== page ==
The Labor party certainly has its Joel Fitzgibbons factions, but it’s also instructive to see the likes of Joel at odds with most of the caucus and leadership. To imply that Labor does not have a reform agenda in many areas, including climate action, housing and tax reform is part of the successful tactics that sees Labor successfully wedged between the LNP and the Greens, and in danger of being out of office forever. Federally and state level, I suspect this suits the Greens just fine as they see Labor as enemy no 1 – the party with whom they are in the fiercest competition for votes – evidenced by Greens rarely targeting sitting LNP members come election time.

    To ignore the line that Labor has to walk to have any hope of achieving office is naivety to the political realties of the national scene – to deny a difference between the major parties is disingenuous. Major reform can be achieved only from office and, as the great Gough himself said: “Only the impotent are pure”. One only has to look at what the Greens did with their unprecedented mandate in the last Council term, to see an element of that sentiment.

    I seem to recall a pile-on of correspondence to these pages when Labor federally announced it would unsurprisingly not pursue its badly communicated tax reform policies of last election – all very low hanging fruit and very opportune with a local election looming.

    Regardless, I would rather vote locally for people based on their histories.I won’t forget that all the Greens voted for a bypass that decimated the habitat of a critically endangered species. Cate Coorey and Paul Spooner made an attempt to follow up Tamara Smith’s investigations on the rail corridor alternative. There will be no Greens = good, Labor = bad paradigm for me.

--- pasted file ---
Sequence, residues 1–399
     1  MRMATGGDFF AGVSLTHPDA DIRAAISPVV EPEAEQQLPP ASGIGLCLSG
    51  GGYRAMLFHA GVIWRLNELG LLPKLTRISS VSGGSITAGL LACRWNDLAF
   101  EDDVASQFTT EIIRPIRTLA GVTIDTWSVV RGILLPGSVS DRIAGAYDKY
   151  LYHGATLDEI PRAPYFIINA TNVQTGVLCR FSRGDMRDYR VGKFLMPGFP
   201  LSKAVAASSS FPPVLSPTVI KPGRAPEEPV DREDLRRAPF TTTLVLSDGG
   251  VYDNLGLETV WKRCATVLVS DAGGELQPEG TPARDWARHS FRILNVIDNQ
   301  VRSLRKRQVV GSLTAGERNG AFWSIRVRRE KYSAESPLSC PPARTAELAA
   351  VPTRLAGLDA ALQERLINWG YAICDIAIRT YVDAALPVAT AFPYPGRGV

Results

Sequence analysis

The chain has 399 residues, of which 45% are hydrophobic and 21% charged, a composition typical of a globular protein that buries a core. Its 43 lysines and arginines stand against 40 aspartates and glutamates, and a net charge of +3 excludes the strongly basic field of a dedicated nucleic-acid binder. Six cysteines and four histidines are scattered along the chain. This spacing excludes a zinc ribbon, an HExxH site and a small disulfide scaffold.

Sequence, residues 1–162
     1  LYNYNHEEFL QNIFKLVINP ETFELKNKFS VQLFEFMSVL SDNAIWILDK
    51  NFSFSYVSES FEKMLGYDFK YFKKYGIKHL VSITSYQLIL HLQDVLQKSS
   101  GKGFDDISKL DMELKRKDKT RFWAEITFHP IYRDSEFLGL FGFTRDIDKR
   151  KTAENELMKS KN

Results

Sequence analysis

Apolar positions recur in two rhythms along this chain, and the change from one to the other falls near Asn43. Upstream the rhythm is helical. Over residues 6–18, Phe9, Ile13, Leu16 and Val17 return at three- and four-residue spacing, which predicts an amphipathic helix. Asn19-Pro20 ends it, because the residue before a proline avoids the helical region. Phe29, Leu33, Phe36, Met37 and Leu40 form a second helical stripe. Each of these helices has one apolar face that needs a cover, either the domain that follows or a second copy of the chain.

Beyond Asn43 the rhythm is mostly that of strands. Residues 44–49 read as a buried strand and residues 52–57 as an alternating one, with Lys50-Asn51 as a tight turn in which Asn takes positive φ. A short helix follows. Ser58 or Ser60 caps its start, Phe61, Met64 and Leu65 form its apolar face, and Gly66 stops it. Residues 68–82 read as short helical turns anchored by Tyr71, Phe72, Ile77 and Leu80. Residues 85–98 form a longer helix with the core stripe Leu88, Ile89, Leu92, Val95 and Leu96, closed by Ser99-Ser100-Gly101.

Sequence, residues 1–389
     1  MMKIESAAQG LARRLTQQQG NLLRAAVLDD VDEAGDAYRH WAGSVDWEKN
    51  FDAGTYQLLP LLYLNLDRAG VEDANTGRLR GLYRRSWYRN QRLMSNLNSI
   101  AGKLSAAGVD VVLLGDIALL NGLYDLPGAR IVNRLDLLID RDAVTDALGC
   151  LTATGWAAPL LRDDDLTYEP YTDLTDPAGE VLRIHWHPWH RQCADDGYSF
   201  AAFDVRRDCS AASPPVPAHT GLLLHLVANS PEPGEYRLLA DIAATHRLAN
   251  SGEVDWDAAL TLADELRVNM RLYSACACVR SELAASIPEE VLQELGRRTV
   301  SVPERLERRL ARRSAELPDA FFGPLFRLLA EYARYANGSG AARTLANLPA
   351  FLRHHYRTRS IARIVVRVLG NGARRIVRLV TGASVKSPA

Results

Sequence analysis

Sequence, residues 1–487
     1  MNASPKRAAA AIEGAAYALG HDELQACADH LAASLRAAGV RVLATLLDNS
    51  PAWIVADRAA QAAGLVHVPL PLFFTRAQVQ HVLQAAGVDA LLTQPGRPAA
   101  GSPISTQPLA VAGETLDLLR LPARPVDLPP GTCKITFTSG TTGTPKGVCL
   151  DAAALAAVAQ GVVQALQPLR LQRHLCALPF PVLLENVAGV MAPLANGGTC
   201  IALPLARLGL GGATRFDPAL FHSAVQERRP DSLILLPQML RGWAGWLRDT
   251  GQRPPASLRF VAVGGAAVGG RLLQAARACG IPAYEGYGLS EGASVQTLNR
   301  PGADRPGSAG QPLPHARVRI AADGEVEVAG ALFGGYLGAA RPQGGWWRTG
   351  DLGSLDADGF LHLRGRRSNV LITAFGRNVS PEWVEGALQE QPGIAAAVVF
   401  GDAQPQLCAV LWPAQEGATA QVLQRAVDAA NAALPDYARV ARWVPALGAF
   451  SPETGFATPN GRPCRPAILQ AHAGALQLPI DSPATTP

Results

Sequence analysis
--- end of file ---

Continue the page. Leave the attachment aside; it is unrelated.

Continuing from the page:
5. Thanks Jenny for your comments but also for your years of service to this community on council (1995-2002). Jenny and the council had the difficult challenge of dealing with the poor decisions and mistakes inherited from the 1991-95 council. In fact we are still living with the impact of some of those decisions today e.g.. subdivisions along the Tallow Creek which many in the community opposed but it was still approved by a pro-development council. Her comments are relevant in terms of the need for experience and the risk it presents. I agree Cate has proven her commitment to the community. I think the important point is that people who have never been on council are presenting themselves for the mayoral role. I leave it to residents to determine what that indicates about the candidates but offer the point that the lack of experience presents a risk for all of us. Decisions made are near impossible to change and we live the outcomes forever. Thanks again Jenny, an inspiration for me and many others. I hope you are well.